The cynical mind is the best predictor of Harper’s next move
A tale of two cities
Gord Henderson, Windsor Star
Published: Thursday, January 17, 2008
The outrageous stonewalling over the $30 million in federal assistance needed to reopen Ford of Canada's Essex Engine Plant speaks volumes about how out of touch with reality this government and its fat cat mandarins have become.
While Windsor sheds jobs and watches its best and brightest, not to mention its most desperate, pack up and move away, the Stephen Harper government is either taking its sweet time -- as in waiting for the next election campaign -- in deciding whether to invest in this no-brainer project or it's allowing brittle ideology to stand in the way of a common-sense decision that would give the Windsor area economy a badly needed boost.
If you believe Ontario Premier Dalton McGuinty's version of events, Harper has flatly rejected direct aid for the $300-million venture. If that's the case, one can only wonder: Do Harper and his minions have a clue how bad things are here? Do they give a damn? From the perspective of Ottawa, which is swimming in white-collar, tax-subsidized prosperity, it must be hard to fathom that the best of times don't extend to industrial centres like Windsor, which always made their money through honest toil.
How good is life in the capital? The Ottawa Citizen trumpeted last Friday that "Fat City" was back, with the capital region having increased its "core public administration" workforce by 12,800 jobs -- a staggering 20 per cent -- between 1995 and 2006. "If this keeps up, we may not swagger, but we may soon jiggle," boasted the paper as it happily described how the region "has been feasting at the buffet table while the rest of Canada has been on a diet" in terms of hiring civil servants.
Little wonder the Harper government and its senior bureaucrats aren't particularly interested in a massive plant and hundreds of jobs in Windsor. They're too busy padding payrolls in a capital region that just chalked up a record low unemployment rate of 4.5 per cent.
You know our problem? We're just Canadians who need a helping hand out here in the hinterland, and that's not nearly as sexy as dishing out cheques overseas.
A week before Christmas the feds announced a $300-million contribution to an international aid package aimed at building viable institutions for a future Palestinian state. That was welcome news for the Palestinians and perhaps for eventual peace in the Middle East.
But if Canada can find $300 million to pay the salaries of Palestinian policemen and bureaucrats, why on earth is it so difficult to come up with one-tenth of that amount to put hundreds of our own citizens back to work and restore hope in a downtrodden city?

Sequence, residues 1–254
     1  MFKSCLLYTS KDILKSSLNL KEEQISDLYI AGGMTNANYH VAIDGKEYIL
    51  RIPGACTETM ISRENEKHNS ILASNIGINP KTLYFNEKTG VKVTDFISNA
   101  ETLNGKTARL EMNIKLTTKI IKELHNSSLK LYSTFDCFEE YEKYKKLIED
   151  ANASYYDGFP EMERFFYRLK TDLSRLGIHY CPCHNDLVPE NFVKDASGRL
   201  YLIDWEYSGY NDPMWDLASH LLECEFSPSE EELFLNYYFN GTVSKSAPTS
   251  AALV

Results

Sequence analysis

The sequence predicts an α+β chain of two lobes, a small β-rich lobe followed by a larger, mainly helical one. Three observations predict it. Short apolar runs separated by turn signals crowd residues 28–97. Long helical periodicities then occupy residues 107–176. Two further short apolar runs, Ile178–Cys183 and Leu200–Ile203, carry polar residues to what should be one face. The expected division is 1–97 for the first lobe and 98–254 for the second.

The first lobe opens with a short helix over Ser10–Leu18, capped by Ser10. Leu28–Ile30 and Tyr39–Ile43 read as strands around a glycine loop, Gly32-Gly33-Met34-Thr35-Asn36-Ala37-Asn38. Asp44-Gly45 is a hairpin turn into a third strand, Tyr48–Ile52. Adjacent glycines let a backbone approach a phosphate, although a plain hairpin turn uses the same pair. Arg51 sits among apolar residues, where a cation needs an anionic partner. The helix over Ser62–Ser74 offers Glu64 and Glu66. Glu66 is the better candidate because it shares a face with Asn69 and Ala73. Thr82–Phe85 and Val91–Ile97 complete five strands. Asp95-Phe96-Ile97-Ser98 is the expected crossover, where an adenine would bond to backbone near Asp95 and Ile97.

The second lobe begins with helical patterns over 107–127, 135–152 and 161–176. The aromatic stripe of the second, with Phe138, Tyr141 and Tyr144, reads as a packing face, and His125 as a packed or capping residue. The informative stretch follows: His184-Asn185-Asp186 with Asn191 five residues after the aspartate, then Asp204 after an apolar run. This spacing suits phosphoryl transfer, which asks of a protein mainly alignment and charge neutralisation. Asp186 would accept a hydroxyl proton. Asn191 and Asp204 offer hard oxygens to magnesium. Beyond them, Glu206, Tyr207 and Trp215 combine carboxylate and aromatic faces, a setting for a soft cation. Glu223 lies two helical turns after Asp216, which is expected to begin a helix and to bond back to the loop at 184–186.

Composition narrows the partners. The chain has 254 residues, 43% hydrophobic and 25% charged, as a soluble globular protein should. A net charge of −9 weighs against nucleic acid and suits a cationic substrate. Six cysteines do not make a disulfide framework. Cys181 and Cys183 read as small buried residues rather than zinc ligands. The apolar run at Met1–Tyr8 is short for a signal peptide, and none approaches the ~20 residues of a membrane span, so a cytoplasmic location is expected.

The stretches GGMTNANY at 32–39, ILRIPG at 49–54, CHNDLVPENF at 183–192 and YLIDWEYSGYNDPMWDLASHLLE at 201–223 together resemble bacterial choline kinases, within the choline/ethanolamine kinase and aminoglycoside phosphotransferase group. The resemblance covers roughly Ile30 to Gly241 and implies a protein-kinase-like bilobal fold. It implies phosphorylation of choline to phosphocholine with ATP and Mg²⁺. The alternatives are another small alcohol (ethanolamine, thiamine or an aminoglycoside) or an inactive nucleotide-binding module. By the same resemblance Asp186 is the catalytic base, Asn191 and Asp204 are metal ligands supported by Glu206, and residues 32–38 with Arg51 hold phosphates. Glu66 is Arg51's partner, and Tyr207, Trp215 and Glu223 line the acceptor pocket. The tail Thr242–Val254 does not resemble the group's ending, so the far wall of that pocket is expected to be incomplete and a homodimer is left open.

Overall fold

Meanwhile, Ottawa doles out $60 million annually in foreign aid to support projects in the People's Republic of China. That's right. This global superpower and economic titan, the communist China that's eating our collective lunch while growing exponentially, is still on Ottawa's charity list.
They've wiped out industry after industry here with their cheap labour advantage and have piled up such massive surpluses that they can bail out major American banks, and yet Canadian aid dollars are still being funnelled into China.
They devastated our once prosperous Windsor tool and mould industry and are taking dead aim at our automobile market with dirt-cheap vehicles. And we respond by sending them money to build facilities like a grandiose ecology centre in remote Inner Mongolia that almost no one visits. And yet there's no investment money for badly needed Windsor industries? What madness is this?
Former agriculture minister Eugene Whelan, who played a key role in securing the engine plant as a member of the Trudeau cabinet, is appalled that Harper and company can't find $30 million for a new V-8 engine.
"That's chickenfeed. Just a pittance," scoffed Whelan. In essence he's right. The $68 million committed by his government and Queen's Park to win a 1978 bidding war with Ohio would be worth well over $200 million today.
The $30 million is just seed money. It would be returned to Ottawa many times over in payroll and corporate taxes. So what the hell is the problem?
The Harper regime is either thick as a brick in not seeing the need for competitive incentives or incredibly crass in holding those jobs hostage in order to make a good-news election announcement. Too late for that. The damage is done.
What a humiliation for lackluster Essex backbencher Jeff Watson and the other doomed Tory candidates in this area.
© The Windsor Star 2008
Wednesday, September 3, 2008
Posted by Fillibluster at 10:58 PM